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WASHINGTON - US President Donald Trump's lead attorney said that if the special counsel investigating Russia's alleged meddling in the 2016 US election were to subpoena the president, it would set off a legal battle, according to an ABC News report on Saturday.
Rudy Giuliani, the former New York City mayor who became Trump's lead lawyer in April, said the two sides would go to court if US Special Counsel Robert Mueller attempts to subpoena the president."If Mueller tries to subpoena us, we're going to court," Giuliani told ABC News.
In addition to fighting a subpoena, Giuliani told ABC that Trump's legal strategy as detailed in a January letter to Mueller and published by the New York Times on Saturday still stands.
Trump's lawyers had argued in the January letter that the president could not have obstructed the probe given the powers granted to him by the US Constitution, the Times report said.
In the letter penned by Trump lawyers John Dowd and Jay Sekulow, it was argued that president has the power to "order the termination of an investigation by the Justice Department or FBI at any time and for any reason."
In the letter to Mueller, Trump's lawyers had contended that the Constitution gives the president the power to "terminate the inquiry, or even exercise his power to pardon," and that meant he could not illegally obstruct the investigation, the Times reported.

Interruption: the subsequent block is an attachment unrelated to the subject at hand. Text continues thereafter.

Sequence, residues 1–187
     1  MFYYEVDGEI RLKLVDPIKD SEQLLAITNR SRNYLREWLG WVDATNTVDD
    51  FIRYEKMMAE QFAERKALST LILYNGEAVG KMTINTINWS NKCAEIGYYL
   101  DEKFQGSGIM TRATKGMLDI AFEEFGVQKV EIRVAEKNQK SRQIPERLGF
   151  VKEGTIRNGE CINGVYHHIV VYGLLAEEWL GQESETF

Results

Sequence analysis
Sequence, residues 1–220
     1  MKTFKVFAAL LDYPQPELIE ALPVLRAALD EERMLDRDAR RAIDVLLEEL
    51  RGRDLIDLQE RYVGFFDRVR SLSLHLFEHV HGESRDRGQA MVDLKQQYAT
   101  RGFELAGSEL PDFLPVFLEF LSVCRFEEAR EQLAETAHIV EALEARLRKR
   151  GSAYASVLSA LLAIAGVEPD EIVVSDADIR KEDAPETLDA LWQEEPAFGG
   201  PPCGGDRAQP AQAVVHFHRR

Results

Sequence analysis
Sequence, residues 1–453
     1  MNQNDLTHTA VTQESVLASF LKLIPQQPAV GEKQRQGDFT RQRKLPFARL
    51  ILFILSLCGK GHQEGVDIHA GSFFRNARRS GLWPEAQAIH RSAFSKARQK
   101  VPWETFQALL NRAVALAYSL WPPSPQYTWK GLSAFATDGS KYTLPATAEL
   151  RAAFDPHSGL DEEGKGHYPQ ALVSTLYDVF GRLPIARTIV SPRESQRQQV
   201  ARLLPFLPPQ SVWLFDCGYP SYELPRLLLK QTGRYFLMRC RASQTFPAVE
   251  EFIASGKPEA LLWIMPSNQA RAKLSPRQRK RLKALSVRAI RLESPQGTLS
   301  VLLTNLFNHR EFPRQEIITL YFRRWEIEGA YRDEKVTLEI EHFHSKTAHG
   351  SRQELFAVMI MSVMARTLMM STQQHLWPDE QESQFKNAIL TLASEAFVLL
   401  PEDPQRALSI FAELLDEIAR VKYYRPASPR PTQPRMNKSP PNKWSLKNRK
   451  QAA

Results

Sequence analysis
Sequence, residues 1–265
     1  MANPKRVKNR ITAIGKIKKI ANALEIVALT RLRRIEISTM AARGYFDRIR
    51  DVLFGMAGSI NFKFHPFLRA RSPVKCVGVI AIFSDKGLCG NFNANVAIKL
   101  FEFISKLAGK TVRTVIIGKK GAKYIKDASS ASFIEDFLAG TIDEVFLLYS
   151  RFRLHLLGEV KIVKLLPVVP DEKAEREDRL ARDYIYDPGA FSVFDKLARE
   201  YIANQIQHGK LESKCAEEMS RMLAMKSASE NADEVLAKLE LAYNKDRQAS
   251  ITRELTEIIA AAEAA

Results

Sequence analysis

The 20-page letter was a response to repeated requests by Mueller's office asking to interview Trump. Negotiations between Trump's lawyers and the special counsel on a possible interview have continued ever since.
As part of his investigation, Mueller is looking into the possibility the Trump campaign colluded with Moscow and that Trump subsequently tried to obstruct the probe.
Russia has denied any interference and Trump has repeatedly said there was no collusion or obstruction of justice.
Giuliani did not immediately respond to a request for comment.
Mueller's office declined to comment, while the White House and the two attorneys who wrote the letter - Sekulow and Dowd - did not reply to requests for comment. Dowd left the president's legal team in March.
Giuliani said last month that he wanted any interview of Trump to be limited in scope and length, suggesting it to be only 2-1/2 hours and not under oath.
If the president does not consent to an interview with the special counsel and Mueller does subpoena him, the interpretation by Trump's lawyers of broad executive powers would likely be tested in court if they decided to fight the subpoena.
In arguing that Trump has the power to end an investigation or pardon people, his lawyers left open the possibility that they were referring only to a probe into his former national security adviser, Michael Flynn, and not necessarily an investigation of the president, the Times said.
In an earlier tweet, Trump took what appeared to be a pre-emptive swipe at the Times report shortly before it ran that questioned whether Mueller's office or the Justice Department leaked letters from his lawyers.
"When will this very expensive Witch Hunt Hoax ever end?" Trump tweeted earlier on Saturday.
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